Americans are reeling from horrific misuse of assault weapons in El Paso, Texas, and Dayton, Ohio, whereas in Nigeria gun control has kept law-abiding people from defending themselves against terrorists. The good news for Nigerian Christians on Thursday, Aug. 2 was that a would-be assassination of a Catholic priest was foiled by good-Samaritan neighbors who beat back terrorists with primitive weapons.
A gang of 15 terrorists armed with assault rifles attempted in the dead of night to assassinate the Rev. Father Joseph “Big Joe” Kwasau at his parish house in Kasuwan Magani in the state of Kaduna. They were forced to retreat by local residents firing homemade hunting rifles and using bows and arrows, according to Father Kwasau, who was interviewed at a safe house Saturday by Reuben Buhari, a War Desk News reporter. Father Kwasau’s house security guard, Samuel Jerome, 38, was killed in the raid.
“I saw death face to face, and I am alive only by God’s grace and a steel door. They used an axe on it, but they couldn’t get in,” Father Kwasau said by cell phone Saturday.
Father Kwasau narrowly escaped death, he told Mr. Buhari. “I heard the barking of my dog, followed by sporadic shooting around my parish house and heard my security man shouting for help and saying thieves had invaded the house,” he said from a safe house on Saturday morning.
“I was all alone in the house on Thursday when the noise started, then it was followed by furious banging on my front door, but it didn’t yield to their attempt, despite using axes and bullets on it. They later moved to one of my windows and broke it but couldn’t get in because of the iron fortification. All the while they continued shooting into the air to keep away locals that I knew would be attracted by the noise.
“I tried calling the local security commanders stationed close to my house without success. I also called some of my parishioners,” Father Kwasau said.
During this attack Father Kwasau’s neighbors hurried to confront the terrorists despite the mismatch in fire power. Some of them fired home-made, barrel-loading game rifles, according to a witness who spoke to Mr. Buhari.
The local residents had taken steps to arm themselves for self-defense after 11 terrorist assaults in the region since February of 2019 killed as many as 400 of the local Adara people. Kaduna police have yet to determine the motive of the terrorists or whether they were linked to the ISIS-linked Boko Haram insurgency.
“Why did they do it?” Father Kwasau asked? “I think they were paid by somebody to kill me. There is an attempt in Nigeria to exterminate all pastors and priests so that the majority of the people will become just nothing, in effect, their slaves,” he said.
Scores of Nigerian clergy have been murdered in the last three years. On Thursday evening in the state of Enugu in South-Eastern Nigeria, Father Kwasau’s fellow Roman Catholic priest was shot and killed by suspected armed herdsmen along Ihe-Agbudu Road in the Awgu Local Government Area of the state.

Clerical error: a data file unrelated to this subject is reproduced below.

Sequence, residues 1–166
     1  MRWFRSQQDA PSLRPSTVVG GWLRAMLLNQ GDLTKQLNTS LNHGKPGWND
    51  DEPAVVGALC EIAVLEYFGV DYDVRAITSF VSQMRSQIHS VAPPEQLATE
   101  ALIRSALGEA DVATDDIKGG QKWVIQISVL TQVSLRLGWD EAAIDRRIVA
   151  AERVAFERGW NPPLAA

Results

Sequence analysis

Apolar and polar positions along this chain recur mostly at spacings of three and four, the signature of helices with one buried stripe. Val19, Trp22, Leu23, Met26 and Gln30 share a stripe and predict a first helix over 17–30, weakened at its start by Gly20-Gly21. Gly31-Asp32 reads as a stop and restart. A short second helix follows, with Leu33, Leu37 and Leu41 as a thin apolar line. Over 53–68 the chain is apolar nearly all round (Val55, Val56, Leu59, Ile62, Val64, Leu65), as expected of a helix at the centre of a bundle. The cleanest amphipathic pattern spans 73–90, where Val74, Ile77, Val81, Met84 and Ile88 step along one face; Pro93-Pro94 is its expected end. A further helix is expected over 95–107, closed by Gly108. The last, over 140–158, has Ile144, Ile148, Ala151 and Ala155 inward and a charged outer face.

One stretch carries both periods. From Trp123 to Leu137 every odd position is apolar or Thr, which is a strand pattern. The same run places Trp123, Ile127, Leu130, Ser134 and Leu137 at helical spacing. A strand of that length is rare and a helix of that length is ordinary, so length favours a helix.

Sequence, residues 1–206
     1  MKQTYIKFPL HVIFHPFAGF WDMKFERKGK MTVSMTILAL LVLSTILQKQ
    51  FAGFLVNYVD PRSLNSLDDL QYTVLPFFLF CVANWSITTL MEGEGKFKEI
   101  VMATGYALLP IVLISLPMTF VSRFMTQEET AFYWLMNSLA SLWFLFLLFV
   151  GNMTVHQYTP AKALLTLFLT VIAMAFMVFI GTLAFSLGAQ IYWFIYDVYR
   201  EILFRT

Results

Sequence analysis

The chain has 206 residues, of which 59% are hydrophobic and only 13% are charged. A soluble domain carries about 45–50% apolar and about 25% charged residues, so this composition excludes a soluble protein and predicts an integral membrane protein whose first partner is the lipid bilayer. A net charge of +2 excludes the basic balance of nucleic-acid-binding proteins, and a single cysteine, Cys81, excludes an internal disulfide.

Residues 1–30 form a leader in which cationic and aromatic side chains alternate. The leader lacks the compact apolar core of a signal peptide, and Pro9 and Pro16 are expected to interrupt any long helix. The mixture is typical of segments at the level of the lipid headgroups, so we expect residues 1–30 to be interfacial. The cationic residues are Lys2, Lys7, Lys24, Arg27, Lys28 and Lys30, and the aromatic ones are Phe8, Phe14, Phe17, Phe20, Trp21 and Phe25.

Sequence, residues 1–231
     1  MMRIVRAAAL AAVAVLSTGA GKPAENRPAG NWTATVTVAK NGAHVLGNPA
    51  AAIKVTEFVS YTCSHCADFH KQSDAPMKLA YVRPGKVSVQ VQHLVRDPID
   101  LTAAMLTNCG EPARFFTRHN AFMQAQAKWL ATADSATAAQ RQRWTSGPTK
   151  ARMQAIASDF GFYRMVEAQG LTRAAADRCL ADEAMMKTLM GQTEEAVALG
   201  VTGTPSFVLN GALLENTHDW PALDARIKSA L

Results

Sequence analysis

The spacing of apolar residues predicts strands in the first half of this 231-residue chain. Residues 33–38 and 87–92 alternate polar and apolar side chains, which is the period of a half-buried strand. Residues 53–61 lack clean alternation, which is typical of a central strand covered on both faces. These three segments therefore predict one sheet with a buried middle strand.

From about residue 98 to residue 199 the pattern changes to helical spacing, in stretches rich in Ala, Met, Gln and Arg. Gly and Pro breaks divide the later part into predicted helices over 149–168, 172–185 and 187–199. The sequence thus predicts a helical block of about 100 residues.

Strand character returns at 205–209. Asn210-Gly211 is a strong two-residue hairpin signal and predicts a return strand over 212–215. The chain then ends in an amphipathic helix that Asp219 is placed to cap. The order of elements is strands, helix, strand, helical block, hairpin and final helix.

Father Paul Offu, the parish priest of St. James the Greater Parish, Ugbawka, reportedly was killed because kidnappers decided he wouldn’t bring a ransom from his church. Priests of the Enugu diocese marched to the Enugu State government House on Friday to protest the lax security they blamed for Father Offu’s death.
The march by outraged priests is but a single instance of protests cropping up across the nation by citizens accusing the federal government headed by President Muhammadu Buhari of failing to enforce the law.
On Saturday, the head of a group representing Southern Kaduna State’s Adara people, a predominantly Christian tribe, issued a press statement complaining of do-nothing police stationed near Kwasau’s parish residence.
“During the Kasuwan Magani attempted abduction of the Reverend Father, the kidnappers were shooting [within] hearing of several police and military personnel stationed in several places a few hundred meters away,” according to the statement issued by Awemi Dio Maisamari, the national president of the Adara Development Association.
“Yet, none of the teams of security men confronted the criminals. It was only the brave challenge by the local community that forced the kidnappers to abandon their operation and flee for their lives,” Mr. Maisamari wrote. “It is shocking that millions of Naira meant for the development of the community are being diverted in the name of security while the security itself is not serving the needs of the people.”
• Douglas Burton is a former official of the Department of State and writes on terrorism in Nigeria and the Middle East. He is the co-founder, along with Magnafaith Krimi, of the news site War Desk News and the Prayer News Network.
Copyright © 2019 The Washington Times, LLC.